On Monday, despite appeals from organizers, Hong Kong police refused to grant permission for the vigil, citing social distancing and public health measures still in place to manage the covid-19 outbreak. Organizers, however, noted that schools have reopened in Hong Kong; subways, supermarkets, bars and restaurants are once again packed, and large-scale religious gatherings are permitted as the city has largely contained the virus.
Thousands of riot police were deployed Thursday to enforce the ban on the vigil. Water cannons were readied into position near Victoria Park.
Organizers instead called on Hong Kong residents to light a candle wherever they may be to honor the Tiananmen victims, and nominated about a dozen gathering points where small groups could hold remembrances. Still, some planned to defy the ban and head to Victoria Park — which authorities moved to seal off with metal fences and barricades.
Last year, the crowd at Victoria Park was especially large, as people commemorated both the 30th anniversary of the massacre and asserted their own freedoms amid looming threats from China. At the time, an extradition bill that would have allowed criminal suspects in Hong Kong to be tried in mainland China’s politicized courts was making its way through the legislature, and many saw the vigil as a peaceful way to push back against Beijing’s control more broadly.
A few days after last year’s vigil, hundreds of thousands gathered on the streets of Hong Kong to protest the extradition bill, kicking off eight months of massive demonstrations and sometimes violent unrest.
“Every time there’s a crisis in Hong Kong and more suppression, people will turn out,” said Lee, who also co-founded the Hong Kong Alliance in Support of Patriotic Democratic Movements in China, a group that he fears will not exist once the national security law passes.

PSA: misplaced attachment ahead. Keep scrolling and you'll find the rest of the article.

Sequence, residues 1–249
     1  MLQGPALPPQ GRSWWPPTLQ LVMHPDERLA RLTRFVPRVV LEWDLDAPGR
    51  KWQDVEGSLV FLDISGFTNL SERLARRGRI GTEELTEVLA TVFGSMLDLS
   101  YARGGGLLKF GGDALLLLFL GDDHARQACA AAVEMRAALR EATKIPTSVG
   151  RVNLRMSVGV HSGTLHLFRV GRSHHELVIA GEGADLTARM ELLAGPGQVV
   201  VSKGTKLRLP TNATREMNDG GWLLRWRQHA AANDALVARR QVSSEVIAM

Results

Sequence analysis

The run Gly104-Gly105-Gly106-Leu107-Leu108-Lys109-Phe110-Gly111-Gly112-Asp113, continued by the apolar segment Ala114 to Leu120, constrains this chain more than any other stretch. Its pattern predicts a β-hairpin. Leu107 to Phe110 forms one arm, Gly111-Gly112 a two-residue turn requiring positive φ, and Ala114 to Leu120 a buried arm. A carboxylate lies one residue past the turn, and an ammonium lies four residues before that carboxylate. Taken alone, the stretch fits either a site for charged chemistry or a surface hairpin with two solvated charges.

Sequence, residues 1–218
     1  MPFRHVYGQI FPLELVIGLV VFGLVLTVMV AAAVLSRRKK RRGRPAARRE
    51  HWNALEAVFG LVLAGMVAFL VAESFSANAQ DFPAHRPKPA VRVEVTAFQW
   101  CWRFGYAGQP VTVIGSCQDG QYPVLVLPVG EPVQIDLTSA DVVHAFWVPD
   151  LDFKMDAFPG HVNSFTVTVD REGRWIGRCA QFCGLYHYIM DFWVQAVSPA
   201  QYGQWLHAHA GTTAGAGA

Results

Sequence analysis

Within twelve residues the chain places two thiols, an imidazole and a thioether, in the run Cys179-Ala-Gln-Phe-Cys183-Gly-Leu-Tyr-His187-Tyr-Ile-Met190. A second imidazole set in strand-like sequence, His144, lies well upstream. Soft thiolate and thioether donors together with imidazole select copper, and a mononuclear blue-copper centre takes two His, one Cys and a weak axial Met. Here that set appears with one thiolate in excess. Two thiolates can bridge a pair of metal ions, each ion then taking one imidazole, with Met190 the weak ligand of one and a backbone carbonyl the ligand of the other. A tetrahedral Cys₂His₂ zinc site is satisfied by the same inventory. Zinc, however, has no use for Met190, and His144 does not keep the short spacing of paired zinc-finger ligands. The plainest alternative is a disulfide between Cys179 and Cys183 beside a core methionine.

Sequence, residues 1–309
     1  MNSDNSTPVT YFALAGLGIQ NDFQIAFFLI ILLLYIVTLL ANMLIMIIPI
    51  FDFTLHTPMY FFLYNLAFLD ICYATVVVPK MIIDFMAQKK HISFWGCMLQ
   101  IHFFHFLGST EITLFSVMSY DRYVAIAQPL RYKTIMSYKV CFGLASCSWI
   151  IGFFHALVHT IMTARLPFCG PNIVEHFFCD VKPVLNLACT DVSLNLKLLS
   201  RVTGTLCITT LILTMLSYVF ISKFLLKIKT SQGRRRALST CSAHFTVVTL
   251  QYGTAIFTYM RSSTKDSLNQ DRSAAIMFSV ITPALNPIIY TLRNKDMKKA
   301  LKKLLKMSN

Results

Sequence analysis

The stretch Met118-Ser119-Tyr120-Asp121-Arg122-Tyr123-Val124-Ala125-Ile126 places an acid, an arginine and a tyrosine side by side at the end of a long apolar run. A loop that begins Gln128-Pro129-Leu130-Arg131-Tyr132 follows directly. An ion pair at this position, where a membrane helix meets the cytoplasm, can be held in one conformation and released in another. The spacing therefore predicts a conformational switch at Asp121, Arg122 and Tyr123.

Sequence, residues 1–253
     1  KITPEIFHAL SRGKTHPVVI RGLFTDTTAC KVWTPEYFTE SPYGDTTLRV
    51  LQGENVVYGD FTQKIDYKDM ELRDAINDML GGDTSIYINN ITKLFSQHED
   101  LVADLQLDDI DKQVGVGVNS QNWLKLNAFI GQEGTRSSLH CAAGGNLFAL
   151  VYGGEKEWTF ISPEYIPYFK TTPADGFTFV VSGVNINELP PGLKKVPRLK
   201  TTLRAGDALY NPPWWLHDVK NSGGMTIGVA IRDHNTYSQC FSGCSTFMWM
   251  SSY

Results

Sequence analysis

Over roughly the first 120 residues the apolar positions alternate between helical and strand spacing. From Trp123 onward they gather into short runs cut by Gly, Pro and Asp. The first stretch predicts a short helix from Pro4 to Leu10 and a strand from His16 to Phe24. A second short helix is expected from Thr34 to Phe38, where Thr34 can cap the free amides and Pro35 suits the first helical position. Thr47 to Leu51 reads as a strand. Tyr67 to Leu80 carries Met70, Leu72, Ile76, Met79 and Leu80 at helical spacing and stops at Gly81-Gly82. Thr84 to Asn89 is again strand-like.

The vigil over the years has helped to build a protest culture in a city where people’s democratic avenues are limited. Parents often brought along their children. Still, the event had begun to lose appeal among some of the younger generation of democracy activists who favored more direct action to achieve their aims.
From tens of thousands of candle-holding attendees last year, to fenced-off venues and riot police this year, the clampdown has upset activists and victims of the massacre who continue to push for the Communist Party to acknowledge and admit to the incident.
Zhang Xianling, part of the Tiananmen Mothers group whose children were killed in Tiananmen Square in 1989, said in a video posted on YouTube that she felt deeply sorry about the ban on the Hong Kong vigil, but hoped that people will use different ways to mourn the victims and condemn the Communist Party’s “savage acts.”
Beijing’s proxies have signaled they won’t tolerate the vigil any longer. Leung Chun-ying, a former Hong Kong chief executive who is now a political adviser to Beijing, acknowledged recently that the vigil could be outlawed under the new national security law.
Photo: Pro-democracy activists at a commemoration on June 3, the eve of the anniversary of the Tiananmen massacre. Authorities have banned this year’s annual June 4 vigil that for years has drawn tens of thousands. Credit: Anthony Kwan/Getty Images.